Gays in the armed forces: Israelis say ‘no problem’

October 22, 2010

Israel, like the United States, is a largely secular society with
deep religious roots. And Israel, like the U.S., is home to vocal
religious conservatives who frown on homosexuality. But Israel, unlike
the U.S., has allowed gays and lesbians to serve openly in the military
for 17 years. In fact, they are required to do so. If Israel has found a
way to allow gays in the military, can it provide lessons to the U.S.
as it struggles with whether—and how—to dismantle the "don't ask/don't
tell" policy?

Perhaps. But like everything in Israel, it's a bit more complicated. And the comparison between the U.S. and Israel is inexact.

By
most accounts, Israel's integration of gays into the military has
succeeded, and the Israel Defense Forces (IDF) has reportedly begun to
share its experiences with the U.S. military.

While the Obama
administration continues to wrangle in court over a federal judge's
ruling that declared "don't ask/don't tell" unconstitutional, the
Penta­gon has directed military recruiters to start accepting
applications from all qualified potential recruits, regardless of sexual
orientation.

If the courts or Congress overturn the "don't
ask/don't tell" policy, the U.S. will be­come the 26th nation to fully
integrate gay and straight members of the military, according to the
Palm Center, a think tank at the University of California Santa Barbara.

Aaron
Belkin, the center's director, said full integration has been
successful even in countries engaged in frequent combat, citing Israel,
American's closest ally in the Middle East, as an example. "The lesson
the U.S. military can learn from the Israeli military is there are no
negative consequences" to inclusion, "even when the military is a
battle-tested force like the IDF," Belkin said.

Drafting openly
gay soldiers into the IDF and other military forces "has been highly
successful and has no negative impact on morale, retention, readiness or
overall combat effectiveness," according to a Palm Center report, "Gays
in Foreign Militaries 2010."

Israel has reportedly offered advice
to a commission on repealing the policy. Pentagon spokeswoman Cyn­thia
Smith declined to go into detail, but hinted that at least some talks
had already occurred.

Israel's transition to full integration of
gays took time and planning. As a nation with mandatory military service
for both men and women and a strong religious ethos that dictates
almost every facet of everyday life, the Israeli government treaded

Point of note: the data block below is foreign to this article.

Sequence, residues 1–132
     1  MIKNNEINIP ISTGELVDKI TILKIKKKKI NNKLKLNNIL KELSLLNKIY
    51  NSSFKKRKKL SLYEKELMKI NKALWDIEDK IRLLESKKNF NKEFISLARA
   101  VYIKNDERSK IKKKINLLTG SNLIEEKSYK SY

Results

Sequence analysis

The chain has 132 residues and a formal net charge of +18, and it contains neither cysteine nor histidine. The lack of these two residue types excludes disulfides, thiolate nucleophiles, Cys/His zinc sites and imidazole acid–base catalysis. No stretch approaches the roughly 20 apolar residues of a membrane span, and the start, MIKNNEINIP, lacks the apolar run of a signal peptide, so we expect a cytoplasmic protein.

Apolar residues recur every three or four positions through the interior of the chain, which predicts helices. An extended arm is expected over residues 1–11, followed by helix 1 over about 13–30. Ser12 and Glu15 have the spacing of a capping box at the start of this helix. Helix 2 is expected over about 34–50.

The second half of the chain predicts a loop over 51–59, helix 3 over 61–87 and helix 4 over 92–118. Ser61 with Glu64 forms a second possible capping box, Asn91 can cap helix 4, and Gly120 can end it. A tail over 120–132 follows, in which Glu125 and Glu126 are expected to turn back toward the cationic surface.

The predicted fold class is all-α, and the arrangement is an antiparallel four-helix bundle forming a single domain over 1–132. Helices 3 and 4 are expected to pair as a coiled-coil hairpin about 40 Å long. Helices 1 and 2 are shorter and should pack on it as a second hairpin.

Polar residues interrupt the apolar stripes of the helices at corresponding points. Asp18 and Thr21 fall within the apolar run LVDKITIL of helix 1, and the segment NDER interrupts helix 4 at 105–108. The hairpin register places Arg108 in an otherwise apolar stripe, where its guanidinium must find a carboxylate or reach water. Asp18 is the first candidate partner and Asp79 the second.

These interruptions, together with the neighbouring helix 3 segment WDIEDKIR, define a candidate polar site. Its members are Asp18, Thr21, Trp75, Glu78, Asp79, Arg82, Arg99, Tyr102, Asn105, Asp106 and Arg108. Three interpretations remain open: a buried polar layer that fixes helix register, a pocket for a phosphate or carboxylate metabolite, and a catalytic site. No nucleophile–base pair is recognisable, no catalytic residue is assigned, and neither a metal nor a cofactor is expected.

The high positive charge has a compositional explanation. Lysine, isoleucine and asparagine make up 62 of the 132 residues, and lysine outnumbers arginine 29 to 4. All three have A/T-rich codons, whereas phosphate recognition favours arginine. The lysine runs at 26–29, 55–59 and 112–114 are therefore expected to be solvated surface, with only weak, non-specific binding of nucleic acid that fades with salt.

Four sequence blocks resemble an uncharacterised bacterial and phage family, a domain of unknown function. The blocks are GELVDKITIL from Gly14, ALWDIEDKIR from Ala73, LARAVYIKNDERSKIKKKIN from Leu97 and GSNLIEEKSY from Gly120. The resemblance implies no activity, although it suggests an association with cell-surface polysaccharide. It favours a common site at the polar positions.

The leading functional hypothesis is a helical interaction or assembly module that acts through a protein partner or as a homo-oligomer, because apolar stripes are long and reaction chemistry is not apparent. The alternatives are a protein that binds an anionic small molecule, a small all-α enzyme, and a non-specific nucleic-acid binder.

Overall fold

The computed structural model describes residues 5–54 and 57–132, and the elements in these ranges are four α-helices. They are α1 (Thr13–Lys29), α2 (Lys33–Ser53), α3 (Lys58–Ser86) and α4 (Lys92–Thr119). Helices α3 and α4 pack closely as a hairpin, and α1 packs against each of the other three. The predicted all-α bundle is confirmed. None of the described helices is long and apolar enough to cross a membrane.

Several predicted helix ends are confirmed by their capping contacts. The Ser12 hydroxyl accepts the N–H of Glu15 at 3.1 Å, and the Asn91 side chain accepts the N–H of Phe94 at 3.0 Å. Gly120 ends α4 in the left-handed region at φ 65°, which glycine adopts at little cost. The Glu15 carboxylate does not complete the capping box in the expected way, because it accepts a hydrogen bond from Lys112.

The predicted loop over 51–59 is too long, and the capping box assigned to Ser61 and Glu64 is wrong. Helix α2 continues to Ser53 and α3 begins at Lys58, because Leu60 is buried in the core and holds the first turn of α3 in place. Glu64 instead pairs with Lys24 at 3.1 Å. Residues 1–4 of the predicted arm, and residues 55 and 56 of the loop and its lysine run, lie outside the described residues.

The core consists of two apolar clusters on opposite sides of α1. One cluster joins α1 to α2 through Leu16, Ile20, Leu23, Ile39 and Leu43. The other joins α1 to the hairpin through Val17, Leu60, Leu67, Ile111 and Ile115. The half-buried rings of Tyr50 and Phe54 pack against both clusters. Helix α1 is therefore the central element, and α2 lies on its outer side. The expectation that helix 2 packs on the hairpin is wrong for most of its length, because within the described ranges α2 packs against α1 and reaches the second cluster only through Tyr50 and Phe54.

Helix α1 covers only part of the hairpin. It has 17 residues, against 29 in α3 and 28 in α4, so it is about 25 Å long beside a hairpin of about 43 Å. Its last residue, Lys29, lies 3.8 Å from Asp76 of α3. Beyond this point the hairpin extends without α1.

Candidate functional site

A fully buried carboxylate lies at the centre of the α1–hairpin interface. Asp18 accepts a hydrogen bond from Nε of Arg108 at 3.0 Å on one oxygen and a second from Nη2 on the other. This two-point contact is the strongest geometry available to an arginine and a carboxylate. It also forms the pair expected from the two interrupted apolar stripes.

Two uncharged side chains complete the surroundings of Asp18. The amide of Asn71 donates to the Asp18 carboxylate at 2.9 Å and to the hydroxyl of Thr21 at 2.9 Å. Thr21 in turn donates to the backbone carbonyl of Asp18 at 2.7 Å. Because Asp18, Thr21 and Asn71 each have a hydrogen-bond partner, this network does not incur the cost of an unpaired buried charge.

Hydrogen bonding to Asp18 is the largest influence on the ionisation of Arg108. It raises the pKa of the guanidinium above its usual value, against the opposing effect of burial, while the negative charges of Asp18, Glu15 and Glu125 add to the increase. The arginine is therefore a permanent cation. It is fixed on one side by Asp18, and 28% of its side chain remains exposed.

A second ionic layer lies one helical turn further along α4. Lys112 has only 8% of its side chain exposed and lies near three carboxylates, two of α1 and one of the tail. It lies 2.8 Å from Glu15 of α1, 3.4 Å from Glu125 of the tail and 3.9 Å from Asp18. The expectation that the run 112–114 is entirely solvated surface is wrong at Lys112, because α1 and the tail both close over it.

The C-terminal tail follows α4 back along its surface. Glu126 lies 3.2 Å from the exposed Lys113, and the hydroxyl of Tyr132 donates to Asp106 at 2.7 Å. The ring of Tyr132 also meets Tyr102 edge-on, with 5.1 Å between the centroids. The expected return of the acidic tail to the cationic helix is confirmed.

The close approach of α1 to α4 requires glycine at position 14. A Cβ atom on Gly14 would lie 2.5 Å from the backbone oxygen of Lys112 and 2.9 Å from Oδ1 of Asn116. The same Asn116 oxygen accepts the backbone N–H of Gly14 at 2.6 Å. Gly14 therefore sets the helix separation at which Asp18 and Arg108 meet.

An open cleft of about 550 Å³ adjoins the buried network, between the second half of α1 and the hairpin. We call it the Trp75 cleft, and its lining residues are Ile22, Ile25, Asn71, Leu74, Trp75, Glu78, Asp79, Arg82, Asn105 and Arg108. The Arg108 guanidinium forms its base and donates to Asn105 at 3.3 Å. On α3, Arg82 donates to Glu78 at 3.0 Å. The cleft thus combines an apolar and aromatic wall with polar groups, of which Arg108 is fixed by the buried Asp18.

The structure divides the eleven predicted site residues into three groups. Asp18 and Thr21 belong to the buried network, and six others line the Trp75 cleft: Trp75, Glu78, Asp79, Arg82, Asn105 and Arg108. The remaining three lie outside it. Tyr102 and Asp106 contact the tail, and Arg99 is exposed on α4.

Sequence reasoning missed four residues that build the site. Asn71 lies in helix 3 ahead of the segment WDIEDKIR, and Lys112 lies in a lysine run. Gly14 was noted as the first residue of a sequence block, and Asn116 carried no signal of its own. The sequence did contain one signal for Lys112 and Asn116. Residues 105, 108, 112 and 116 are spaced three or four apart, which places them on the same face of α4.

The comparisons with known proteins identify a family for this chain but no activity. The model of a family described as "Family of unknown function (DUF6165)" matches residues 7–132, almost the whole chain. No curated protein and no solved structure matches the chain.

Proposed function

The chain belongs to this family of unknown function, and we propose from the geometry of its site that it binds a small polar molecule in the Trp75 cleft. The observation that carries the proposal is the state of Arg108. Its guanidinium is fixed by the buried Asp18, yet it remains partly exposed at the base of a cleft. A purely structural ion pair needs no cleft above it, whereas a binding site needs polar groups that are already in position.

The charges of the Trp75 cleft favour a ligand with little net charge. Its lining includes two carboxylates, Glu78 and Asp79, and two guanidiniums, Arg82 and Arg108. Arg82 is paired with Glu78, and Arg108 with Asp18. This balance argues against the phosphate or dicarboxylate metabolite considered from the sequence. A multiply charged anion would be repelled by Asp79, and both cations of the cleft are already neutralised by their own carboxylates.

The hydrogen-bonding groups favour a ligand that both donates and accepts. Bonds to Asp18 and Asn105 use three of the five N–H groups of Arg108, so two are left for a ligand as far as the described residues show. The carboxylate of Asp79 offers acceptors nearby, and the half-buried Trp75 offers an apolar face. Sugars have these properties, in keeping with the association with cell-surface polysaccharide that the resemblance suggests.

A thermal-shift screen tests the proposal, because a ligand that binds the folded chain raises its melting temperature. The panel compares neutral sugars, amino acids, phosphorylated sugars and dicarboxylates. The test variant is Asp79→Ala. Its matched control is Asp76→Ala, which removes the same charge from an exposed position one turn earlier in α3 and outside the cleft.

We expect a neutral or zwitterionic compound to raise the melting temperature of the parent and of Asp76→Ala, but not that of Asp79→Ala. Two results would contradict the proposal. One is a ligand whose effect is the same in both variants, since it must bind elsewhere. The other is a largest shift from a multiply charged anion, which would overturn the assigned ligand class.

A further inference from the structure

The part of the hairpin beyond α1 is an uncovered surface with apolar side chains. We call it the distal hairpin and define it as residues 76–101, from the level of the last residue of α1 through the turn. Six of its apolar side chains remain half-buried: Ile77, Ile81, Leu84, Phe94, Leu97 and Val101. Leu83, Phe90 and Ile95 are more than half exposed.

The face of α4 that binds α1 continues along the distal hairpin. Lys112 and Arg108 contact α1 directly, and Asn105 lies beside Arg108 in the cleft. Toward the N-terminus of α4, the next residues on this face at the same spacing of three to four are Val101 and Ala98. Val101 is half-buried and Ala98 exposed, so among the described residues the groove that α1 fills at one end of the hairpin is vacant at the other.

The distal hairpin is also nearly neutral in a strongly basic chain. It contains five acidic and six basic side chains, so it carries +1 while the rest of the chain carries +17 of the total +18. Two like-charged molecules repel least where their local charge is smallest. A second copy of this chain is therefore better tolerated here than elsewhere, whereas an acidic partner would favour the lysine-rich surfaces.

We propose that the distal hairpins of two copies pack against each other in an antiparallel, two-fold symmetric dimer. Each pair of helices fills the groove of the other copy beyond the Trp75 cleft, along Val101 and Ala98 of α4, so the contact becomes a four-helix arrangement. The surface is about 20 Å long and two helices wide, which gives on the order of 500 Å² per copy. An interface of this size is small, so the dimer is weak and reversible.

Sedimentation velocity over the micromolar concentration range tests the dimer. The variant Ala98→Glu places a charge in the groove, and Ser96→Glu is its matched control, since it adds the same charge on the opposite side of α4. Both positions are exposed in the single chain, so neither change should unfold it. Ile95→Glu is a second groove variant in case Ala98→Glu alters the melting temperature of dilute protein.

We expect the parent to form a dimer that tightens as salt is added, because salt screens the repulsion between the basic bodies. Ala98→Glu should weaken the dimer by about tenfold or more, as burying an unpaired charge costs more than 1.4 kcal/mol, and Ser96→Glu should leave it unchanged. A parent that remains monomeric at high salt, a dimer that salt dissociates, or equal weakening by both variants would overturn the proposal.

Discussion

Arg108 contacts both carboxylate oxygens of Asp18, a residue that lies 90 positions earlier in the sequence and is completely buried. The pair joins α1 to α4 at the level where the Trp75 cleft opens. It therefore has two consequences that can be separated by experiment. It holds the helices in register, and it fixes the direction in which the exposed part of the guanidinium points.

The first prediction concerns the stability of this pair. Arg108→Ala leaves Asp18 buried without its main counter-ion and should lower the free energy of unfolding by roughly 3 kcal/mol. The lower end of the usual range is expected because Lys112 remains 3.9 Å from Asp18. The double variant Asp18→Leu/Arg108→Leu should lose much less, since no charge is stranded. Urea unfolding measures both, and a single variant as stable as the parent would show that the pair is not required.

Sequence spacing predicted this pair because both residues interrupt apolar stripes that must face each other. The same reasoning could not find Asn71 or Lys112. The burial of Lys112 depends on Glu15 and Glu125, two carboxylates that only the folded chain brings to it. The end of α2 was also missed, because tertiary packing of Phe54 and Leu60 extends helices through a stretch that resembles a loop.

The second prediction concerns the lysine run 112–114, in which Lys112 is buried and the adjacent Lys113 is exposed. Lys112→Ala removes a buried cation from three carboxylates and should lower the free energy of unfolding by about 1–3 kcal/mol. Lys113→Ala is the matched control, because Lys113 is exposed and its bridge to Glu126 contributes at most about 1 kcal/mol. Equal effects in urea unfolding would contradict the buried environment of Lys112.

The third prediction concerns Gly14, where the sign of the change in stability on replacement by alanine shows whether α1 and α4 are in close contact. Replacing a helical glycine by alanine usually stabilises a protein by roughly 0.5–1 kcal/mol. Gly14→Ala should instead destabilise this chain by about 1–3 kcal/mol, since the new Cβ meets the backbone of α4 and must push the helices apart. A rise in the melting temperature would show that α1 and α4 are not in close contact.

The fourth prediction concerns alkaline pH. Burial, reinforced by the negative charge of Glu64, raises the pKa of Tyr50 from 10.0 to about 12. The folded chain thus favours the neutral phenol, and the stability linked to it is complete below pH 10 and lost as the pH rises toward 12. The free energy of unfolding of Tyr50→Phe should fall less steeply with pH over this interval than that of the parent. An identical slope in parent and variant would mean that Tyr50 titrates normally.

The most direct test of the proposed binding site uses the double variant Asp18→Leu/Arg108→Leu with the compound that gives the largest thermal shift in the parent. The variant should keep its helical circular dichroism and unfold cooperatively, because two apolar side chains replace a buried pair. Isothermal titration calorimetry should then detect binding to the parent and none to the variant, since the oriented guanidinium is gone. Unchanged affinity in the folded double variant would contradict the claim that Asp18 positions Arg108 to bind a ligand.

carefully.

The IDF began placing openly gay soldiers in units as
early as 1983. It took another ten years for full acceptance, following a
1992 parliamentary law on equality. Internal monitoring of gays
continued until 1998.

Only then did homosexuality in the IDF
"became totally a nonissue," said Frances Raday, a professor of
inter­national law at the College of Manage­ment Academic Studies in the
city of Rishon Lezion.

Even with the heavy influence that
Israel's ultraconservative religious political parties wield in
parliament, the country has "an extremely liberal stand on
homosexuality," said Raday.

Rabbi David Rosen, the Jerusalem-based
international director of interreligious affairs for the American
Jewish Committee, noted that the same ultra-Orthodox leaders who
regularly decry gay pride parades never tried to ex­clude openly gay
soldiers from IDF service.

One reason, Rosen theorized, is that
they did not want to open a national debate over who can serve in the
IDF, because ultra-Orthodox seminary students are exempt from military
service—a policy that a majority of Israelis want to cancel.

Religious
Zionists—modern Ortho­dox Jews who serve in the IDF—have been more
preoccupied with preventing interaction between male and female soldiers
than with the status of gays and lesbians, Rosen said. "This was a
centrally dominant issue in the whole national discourse of religion,
state, security and sexuality the early decades of statehood," Rosen
said, "and even today it hasn't been totally resolved."

One
outcome of the debate was the establishment of National Service, a
voluntary alternative to military duty open to religious young women and
some men, including Arab citizens. Before Israel changed its law, many
gays and lesbians opted for National Service.

Yonatan Gher,
director of the Jeru­salem Open House, a prominent Israeli gay rights
group, said the IDF "seeks out" training from gay groups in order to
better serve and integrate the soldiers. "We speak with them regularly,
especially with commanders and educators," Gher said, adding that the
IDF has been "sharing its information" with the Pentagon.

Amit
Lev, who disclosed his homosexuality during a stint in the IDF, believes
that within the proper environment, being gay in the military "can be a
non­issue." He added: "Unlike Israel, in the U.S. no one has to serve
in the army. Those who volunteer, whether they're gay or straight, are
already motivated and will be good soldiers."  —RNS

Comments

Israel a secular society?

"Israel, like the United States, is a largely secular society"

You're kidding, right? It has just made a new law requiring new citizens to pledge allegiance to a "Jewish and democratic" state.

Israel is one of the most theocratic states (while democratic) that I can think of.

As an American citizen I rejoice at our freedom of speech and separation of church and state (because both corrupt each other; I'm no secularlist).

But saying Israel's codification of its religious foundations, with its lack of civic law in family matters, is "like the United States" is way off the mark!